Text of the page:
FC: I don’t have a favorite place. I like to see new things, to see new places and to have new experiences. The places I’ve never been before are my favorites.

Fernando Chamarelli

SH: You’ve shared before your pieces have Their Own Story; in your creative process does the story come first or does it develop while you’re painting the piece? Do you ever imagine creating your own book explaining the works personal mythology?

FC: I never thought about this idea of creating a book, but this seems like a great idea. All my paintings have a story. Some more than others, but they all convey a message. Sometimes I already have a story in the head, but when I start to paint the history mixes with new myths, thus creating new stories during the process. I often try to summarize the whole story that happens inside the painting in the title of the piece.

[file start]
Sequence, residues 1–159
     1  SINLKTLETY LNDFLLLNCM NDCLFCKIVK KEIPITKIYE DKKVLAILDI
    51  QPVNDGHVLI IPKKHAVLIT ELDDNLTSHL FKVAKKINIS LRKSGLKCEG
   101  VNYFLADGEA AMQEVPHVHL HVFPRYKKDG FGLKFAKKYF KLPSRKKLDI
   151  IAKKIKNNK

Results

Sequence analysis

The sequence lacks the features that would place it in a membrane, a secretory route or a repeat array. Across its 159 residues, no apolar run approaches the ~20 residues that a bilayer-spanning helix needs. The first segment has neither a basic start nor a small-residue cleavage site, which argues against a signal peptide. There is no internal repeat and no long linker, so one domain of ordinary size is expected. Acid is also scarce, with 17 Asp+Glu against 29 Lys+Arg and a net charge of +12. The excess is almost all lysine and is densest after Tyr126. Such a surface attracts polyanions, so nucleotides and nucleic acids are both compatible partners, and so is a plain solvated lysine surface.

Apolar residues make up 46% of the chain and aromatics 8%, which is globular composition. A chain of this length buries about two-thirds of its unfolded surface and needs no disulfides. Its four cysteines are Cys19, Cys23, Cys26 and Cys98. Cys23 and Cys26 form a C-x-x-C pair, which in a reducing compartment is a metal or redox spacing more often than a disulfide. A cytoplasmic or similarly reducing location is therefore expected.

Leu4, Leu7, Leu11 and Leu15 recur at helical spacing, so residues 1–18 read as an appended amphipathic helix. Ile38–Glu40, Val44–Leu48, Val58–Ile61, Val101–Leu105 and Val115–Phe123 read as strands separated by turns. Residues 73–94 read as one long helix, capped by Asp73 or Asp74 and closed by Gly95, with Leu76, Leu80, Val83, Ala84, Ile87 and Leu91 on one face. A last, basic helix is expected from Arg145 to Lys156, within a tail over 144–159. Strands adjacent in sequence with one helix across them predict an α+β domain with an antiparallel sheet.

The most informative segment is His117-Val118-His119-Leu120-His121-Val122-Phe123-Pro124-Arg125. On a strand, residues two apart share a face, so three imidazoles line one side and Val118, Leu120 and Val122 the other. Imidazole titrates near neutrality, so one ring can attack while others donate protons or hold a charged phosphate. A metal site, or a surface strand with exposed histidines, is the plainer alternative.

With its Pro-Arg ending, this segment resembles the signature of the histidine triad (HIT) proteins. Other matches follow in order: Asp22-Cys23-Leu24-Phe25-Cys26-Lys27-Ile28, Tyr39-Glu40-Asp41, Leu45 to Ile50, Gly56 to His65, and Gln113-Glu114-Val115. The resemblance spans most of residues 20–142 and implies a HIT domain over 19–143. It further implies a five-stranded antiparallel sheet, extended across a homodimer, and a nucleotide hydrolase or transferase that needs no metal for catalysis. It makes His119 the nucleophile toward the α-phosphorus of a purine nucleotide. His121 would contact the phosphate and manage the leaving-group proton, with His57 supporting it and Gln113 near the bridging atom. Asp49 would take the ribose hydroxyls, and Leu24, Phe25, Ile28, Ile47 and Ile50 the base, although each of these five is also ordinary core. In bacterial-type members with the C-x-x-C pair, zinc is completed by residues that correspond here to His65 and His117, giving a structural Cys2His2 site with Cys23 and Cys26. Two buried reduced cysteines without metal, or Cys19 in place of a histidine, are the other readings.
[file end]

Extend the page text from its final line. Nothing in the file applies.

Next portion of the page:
SH: If you could create any art project and time and money were not an issue, what might it look like?

FC: I was recently living in a paradisiacal island in southern Brazil. In one part of this island, there is a fishing village and I  imagined myself painting all
those boats. Imagine several small and colorful boats on the sea, seen from the beach. It would be lovely!

SH: In an interview with Juxtapoz you shared how you have always wanted to draw at the ruins of Machu Picchu, and you just recently achieved this. How was your visit there?

FC: I didn’t remember that I had said this in some of my interviews.
But this is true. Machu Picchu was a dream because I have a lot of influence of the Inca culture in my artworks. It is very close to Brazil and fortunately I was able to visit it last month. Machu Picchu is a beautiful and magical place. I recommend going to all people.

Machu Picchu FC

SH: What do the when you’re in a creative dry spell or feel a lack of inspiration?